TED RALL (Universal Press Syndicate) Bush was the first president I felt that I understood intuitively. Perhaps it's because I first familiarized myself with the notorious dictators of Central Asia [Rall has reported from Afghanistan], or maybe because I went to an Ivy League school full of underqualified imposters, but I felt like I got his essence. I developed him into an icon, Generalissimo El Busho, that just seemed to work for everything he did, from the wiretapping to the wars to the torture. There were many days when I could have drawn three or four cartoons a day because he had so much going on. Also, he blessed cartoonists with an amazing cabinet that constituted a great cast of supporting characters, a real rogue's gallery with figures you just can't forget. Who remembers Bill Clinton's Defense Secretary now? But Don Rumsfeld -- wow! Janet Reno was interesting, but she was no Alberto Gonzales.
ANN TELNAES (cartoonistrgroup.com and WashingtonPost.com) His Vice President.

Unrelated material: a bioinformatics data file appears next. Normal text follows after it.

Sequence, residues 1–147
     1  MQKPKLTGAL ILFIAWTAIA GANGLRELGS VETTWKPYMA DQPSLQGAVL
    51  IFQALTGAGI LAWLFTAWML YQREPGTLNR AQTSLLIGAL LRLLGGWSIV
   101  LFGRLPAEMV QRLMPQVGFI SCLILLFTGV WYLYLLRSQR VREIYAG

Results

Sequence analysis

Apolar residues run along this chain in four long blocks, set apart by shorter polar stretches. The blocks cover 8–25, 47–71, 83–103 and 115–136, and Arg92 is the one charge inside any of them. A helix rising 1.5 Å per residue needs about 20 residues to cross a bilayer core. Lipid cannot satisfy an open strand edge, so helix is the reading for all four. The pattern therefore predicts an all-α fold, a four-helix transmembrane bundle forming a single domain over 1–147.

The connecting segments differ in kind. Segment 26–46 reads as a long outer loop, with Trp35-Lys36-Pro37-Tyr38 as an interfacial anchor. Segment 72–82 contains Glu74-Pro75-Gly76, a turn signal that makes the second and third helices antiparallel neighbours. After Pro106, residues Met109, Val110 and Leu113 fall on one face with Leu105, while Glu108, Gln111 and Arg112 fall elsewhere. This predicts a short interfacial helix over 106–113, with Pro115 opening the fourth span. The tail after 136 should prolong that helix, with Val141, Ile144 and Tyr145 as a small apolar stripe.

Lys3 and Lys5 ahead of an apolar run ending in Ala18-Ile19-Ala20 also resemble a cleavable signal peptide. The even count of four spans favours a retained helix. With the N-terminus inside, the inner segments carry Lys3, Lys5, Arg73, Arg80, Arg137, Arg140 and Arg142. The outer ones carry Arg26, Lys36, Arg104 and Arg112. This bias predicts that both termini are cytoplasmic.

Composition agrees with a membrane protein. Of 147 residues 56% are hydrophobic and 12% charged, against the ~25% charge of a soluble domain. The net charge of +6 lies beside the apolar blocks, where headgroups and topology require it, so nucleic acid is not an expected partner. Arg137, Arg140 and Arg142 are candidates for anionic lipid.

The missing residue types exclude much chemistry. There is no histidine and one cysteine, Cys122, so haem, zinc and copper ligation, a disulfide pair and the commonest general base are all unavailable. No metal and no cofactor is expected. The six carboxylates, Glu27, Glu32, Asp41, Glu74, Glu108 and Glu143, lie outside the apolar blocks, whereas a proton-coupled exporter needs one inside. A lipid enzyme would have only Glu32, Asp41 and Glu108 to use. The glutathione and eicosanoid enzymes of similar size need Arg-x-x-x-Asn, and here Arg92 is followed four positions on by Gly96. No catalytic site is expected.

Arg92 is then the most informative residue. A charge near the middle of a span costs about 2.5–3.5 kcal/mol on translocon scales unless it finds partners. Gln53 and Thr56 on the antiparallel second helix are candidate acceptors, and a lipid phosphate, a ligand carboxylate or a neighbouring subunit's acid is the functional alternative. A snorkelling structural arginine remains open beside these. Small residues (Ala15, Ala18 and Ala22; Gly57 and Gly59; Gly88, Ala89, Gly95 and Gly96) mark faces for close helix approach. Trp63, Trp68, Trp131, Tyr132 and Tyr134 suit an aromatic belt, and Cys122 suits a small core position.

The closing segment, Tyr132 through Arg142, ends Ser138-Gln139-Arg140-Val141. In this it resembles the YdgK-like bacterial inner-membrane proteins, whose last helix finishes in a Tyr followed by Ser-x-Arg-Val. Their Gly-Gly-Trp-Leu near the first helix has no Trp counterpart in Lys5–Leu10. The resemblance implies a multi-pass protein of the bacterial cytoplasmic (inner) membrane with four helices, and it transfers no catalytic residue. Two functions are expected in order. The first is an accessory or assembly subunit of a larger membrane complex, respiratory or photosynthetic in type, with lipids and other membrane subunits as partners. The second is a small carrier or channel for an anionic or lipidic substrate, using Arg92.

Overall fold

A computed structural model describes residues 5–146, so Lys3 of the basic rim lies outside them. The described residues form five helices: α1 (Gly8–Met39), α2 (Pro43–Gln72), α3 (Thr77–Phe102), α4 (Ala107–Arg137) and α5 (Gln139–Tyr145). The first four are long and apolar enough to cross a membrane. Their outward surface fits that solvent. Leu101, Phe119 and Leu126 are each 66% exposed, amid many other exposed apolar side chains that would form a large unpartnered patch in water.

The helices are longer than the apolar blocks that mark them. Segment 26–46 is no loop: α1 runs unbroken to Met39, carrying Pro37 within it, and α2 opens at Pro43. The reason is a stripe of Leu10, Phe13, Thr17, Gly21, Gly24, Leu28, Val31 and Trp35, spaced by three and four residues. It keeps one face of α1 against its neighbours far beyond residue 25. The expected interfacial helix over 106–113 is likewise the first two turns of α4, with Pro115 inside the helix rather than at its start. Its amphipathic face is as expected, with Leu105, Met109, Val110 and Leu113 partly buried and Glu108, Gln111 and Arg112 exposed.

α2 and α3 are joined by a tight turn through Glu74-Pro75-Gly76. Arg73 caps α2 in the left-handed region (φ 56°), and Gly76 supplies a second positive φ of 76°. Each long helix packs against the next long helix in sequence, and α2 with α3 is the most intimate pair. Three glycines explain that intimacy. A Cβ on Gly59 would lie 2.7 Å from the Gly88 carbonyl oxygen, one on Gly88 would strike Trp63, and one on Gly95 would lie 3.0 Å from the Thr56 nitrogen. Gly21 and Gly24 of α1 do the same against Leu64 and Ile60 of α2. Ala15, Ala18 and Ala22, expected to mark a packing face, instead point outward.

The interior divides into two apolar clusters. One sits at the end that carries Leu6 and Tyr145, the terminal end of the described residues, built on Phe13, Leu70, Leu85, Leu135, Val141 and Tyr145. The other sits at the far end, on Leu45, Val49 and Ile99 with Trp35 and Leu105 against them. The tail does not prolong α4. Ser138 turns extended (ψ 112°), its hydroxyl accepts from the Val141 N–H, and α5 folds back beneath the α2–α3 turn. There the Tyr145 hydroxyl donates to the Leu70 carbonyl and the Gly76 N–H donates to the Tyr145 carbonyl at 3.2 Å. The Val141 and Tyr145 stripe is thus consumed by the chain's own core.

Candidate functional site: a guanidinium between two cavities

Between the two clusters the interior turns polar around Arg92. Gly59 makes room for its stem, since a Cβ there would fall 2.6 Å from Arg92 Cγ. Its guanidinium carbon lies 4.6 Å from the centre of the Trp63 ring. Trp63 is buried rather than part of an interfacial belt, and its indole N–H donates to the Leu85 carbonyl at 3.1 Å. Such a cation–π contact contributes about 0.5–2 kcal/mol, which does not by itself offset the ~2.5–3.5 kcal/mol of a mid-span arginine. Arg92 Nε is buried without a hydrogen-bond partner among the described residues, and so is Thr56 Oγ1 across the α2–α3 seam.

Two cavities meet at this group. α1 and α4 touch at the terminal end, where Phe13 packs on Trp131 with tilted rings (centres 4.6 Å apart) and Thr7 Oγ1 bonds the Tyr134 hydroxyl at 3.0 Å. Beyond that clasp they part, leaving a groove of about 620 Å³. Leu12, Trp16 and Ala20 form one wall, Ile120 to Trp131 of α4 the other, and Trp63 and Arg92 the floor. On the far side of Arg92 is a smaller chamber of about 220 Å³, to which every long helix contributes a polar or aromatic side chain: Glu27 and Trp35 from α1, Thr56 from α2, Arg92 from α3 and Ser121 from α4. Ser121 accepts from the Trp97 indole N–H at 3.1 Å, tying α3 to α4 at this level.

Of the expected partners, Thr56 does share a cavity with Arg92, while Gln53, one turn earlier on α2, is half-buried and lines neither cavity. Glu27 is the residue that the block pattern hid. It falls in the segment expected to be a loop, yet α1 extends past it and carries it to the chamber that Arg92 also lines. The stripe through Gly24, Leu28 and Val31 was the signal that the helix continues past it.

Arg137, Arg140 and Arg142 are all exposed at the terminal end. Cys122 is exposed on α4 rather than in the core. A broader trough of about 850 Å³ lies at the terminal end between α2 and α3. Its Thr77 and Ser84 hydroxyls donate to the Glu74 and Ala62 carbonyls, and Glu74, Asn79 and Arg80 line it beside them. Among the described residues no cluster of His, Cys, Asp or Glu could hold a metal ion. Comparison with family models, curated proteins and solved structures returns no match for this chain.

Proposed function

MATT DAVIES (The Journal News [N.Y.]) What will I miss professionally about W? I think mostly I will miss the fall-back nature of his Presidency. One of the scariest aspects of being a political cartoonist is the prospect of wandering bleary-eyed into the office on a Monday morning and having nothing to sink your teeth into. With President Bush one could always count on a reliably healthy trickle of mind-bogglingly outrageous and cartoonworthy behaviors: The a la carte approach to the U.S. Constitution, ideological distortions passed off as sensible policy, the dismissal of science in favor of religio-political theory, environmentally destructive directives with deliberately cynical and misleading titles, wars of our choosing, tax cuts for only very, very, very rich people who gave money to the GOP, blatant politicization of horrific national tragedies, Gitmo, the careful loosening of financial regulatory standards, the attempt to dismantle our social safety net, the propensity to link pretty much everything in the pre-existing neo-con playbook to "the war on terror," the childish need to label those with alternate points of view as unpatriotic, the swaggering certainty of having God "on his side", and a total disregard for the 51percent who didn't vote for him in the 2000 election. Oh, and I'll miss his boyish smirk. I will forever be grateful to the man, as, to be fair, I owe my Pulitzer to all of the above.